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Counties that have a large population of wealthy elderly people also have problems with brokers.

Broker misconduct is costing elder Americans $17 billion annually, according to estimates from the White House.

An article in Forbes entitled “What Your Aging Parent’s Broker Isn’t Telling You” details a recently released study conducted over a 10-year period by researchers at the University of Chicago and the University of Minnesota that reveals broker misconduct is very common in counties that have a large population of elderly people who are wealthy.

Palm Beach, Fl., for example, has a broker misconduct rate of 18.1%. In other words, 18.1% of brokers in that county had in some way violated the trust of their clients and caused financial losses for those clients.

This is a form of elder abuse if brokers are intentionally taking advantage of elderly clients who might be suffering from memory loss or a lack of attention.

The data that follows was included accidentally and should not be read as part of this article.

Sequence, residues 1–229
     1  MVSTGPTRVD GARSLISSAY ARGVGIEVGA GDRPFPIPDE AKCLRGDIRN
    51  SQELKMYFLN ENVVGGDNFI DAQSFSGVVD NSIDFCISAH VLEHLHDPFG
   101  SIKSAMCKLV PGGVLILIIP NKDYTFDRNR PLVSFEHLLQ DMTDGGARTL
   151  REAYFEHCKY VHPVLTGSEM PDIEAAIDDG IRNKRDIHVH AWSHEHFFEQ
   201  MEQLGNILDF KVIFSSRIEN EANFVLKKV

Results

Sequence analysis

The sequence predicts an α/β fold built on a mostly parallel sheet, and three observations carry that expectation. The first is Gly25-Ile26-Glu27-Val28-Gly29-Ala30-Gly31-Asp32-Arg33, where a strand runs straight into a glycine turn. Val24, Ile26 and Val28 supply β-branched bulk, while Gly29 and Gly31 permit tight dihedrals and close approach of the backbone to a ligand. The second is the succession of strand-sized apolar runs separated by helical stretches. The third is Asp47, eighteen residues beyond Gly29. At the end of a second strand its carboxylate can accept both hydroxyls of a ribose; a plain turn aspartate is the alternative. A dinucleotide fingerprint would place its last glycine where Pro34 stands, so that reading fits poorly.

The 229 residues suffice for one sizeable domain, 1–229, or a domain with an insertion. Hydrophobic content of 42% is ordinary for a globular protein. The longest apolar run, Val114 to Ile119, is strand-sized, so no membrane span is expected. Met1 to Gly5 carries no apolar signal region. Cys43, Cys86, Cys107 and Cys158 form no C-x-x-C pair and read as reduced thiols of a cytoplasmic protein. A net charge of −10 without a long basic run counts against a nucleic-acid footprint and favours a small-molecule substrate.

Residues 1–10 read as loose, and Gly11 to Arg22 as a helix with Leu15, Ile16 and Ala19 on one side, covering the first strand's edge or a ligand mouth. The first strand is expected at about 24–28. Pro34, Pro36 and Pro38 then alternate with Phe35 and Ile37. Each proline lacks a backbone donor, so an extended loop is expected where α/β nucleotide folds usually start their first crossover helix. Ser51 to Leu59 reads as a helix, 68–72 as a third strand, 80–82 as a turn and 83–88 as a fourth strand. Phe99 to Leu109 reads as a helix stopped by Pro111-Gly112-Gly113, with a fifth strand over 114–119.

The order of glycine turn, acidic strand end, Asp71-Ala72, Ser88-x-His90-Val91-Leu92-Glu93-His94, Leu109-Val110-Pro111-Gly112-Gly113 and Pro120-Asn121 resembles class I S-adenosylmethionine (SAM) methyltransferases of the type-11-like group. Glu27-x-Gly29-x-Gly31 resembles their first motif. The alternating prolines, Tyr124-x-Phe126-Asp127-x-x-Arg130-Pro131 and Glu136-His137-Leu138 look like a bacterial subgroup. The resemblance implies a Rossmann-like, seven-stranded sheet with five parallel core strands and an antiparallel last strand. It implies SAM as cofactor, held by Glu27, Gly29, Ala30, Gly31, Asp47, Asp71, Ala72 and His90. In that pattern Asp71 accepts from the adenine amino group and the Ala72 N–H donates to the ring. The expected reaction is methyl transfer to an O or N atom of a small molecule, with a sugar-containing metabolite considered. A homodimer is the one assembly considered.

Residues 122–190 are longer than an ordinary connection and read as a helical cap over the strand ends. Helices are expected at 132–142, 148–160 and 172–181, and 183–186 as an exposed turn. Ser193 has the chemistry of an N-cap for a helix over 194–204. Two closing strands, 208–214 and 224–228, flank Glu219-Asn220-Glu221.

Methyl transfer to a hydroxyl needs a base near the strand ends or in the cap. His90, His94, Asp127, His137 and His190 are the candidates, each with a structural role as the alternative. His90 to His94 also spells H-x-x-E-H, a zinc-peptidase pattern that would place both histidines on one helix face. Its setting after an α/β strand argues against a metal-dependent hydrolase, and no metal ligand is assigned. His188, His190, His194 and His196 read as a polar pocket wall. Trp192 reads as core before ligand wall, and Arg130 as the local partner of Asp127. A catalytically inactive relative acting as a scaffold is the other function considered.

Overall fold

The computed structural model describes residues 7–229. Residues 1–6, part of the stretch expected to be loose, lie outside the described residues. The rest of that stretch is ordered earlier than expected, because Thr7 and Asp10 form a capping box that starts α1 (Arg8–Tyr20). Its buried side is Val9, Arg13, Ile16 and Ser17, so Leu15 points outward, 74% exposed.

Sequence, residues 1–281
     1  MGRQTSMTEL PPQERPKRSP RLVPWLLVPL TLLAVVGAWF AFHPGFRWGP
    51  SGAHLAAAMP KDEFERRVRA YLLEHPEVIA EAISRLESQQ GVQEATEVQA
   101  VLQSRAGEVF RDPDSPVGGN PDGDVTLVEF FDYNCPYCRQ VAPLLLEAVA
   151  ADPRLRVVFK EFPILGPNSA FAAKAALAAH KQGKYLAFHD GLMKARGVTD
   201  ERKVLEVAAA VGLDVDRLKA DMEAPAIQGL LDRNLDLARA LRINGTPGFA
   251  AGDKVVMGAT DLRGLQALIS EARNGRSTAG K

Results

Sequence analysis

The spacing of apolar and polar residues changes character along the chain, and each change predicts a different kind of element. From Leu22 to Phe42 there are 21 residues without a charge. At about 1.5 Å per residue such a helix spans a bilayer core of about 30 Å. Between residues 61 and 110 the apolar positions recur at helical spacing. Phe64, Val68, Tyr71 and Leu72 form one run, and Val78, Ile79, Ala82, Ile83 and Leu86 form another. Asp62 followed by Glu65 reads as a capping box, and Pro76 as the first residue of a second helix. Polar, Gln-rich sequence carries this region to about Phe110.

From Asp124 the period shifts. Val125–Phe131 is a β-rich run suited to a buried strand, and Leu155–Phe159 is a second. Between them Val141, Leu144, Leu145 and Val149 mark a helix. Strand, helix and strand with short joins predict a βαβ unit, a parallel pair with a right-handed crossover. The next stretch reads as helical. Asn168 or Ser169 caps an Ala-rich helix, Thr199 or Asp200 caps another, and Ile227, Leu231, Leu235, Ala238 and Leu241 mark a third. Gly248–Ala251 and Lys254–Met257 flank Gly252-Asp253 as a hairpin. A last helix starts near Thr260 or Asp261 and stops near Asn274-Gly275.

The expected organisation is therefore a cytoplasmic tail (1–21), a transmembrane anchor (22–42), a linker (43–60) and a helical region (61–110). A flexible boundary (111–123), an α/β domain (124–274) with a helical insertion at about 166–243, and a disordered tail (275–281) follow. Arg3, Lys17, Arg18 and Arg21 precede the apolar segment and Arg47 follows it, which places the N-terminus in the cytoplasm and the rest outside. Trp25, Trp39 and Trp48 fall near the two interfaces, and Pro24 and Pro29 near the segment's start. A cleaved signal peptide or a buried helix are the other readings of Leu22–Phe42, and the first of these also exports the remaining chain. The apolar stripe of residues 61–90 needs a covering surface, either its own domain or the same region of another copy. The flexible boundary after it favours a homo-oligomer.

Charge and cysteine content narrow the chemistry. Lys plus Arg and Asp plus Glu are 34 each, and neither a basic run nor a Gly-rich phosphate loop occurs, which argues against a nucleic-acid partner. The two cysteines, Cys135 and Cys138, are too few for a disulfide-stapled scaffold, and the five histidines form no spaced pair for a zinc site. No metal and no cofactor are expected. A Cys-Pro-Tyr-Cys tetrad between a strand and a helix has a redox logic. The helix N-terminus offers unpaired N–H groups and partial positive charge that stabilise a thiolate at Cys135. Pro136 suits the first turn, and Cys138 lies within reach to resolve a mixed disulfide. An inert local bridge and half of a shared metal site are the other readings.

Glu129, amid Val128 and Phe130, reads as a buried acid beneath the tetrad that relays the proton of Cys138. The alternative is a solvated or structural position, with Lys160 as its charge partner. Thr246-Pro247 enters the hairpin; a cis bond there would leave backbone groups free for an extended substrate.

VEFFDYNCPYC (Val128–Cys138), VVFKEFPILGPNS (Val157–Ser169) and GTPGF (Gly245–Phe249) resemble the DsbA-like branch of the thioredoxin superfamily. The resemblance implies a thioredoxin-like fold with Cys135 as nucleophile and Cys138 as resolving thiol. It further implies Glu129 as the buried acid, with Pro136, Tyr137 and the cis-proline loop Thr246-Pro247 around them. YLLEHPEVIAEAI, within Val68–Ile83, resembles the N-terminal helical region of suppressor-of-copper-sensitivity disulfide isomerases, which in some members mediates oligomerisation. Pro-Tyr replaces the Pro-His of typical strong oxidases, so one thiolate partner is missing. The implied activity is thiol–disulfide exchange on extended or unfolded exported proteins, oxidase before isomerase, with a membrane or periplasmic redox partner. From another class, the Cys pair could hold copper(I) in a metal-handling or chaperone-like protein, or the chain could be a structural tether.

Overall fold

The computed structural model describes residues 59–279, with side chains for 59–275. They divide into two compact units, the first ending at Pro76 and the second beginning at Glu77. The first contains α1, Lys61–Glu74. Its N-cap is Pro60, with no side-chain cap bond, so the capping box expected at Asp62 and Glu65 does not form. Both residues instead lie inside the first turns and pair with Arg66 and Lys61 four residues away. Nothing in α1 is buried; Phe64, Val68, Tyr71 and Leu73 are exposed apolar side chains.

Forbes has a couple of suggestions to help protect against the problem:

  • The website BrokerCheck lists most violations and disciplinary actions that have been taken against brokers. Information can be searched by a broker’s name and firm. Not all violations and reports are listed on the site, but it is a good starting point as one-third of violators are repeat offenders.
  • If you are not certain about the investment advice being given by a broker, it is a good idea to get a second opinion from someone with whom you have a fiduciary relationship. For example, an elder law attorney or accountant might be able to give you a general idea about the broker’s reputation and the soundness of investment strategies.

Reference: Forbes (March 15, 2016) “What Your Aging Parent’s Broker Isn’t Telling You

For more information on elder law and estate planning, please visit my estate planning website.

Mr. Amoruso concentrates his practice on Elder Law, Comprehensive Estate Planning, Asset Preservation, Estate Administration and Guardianship.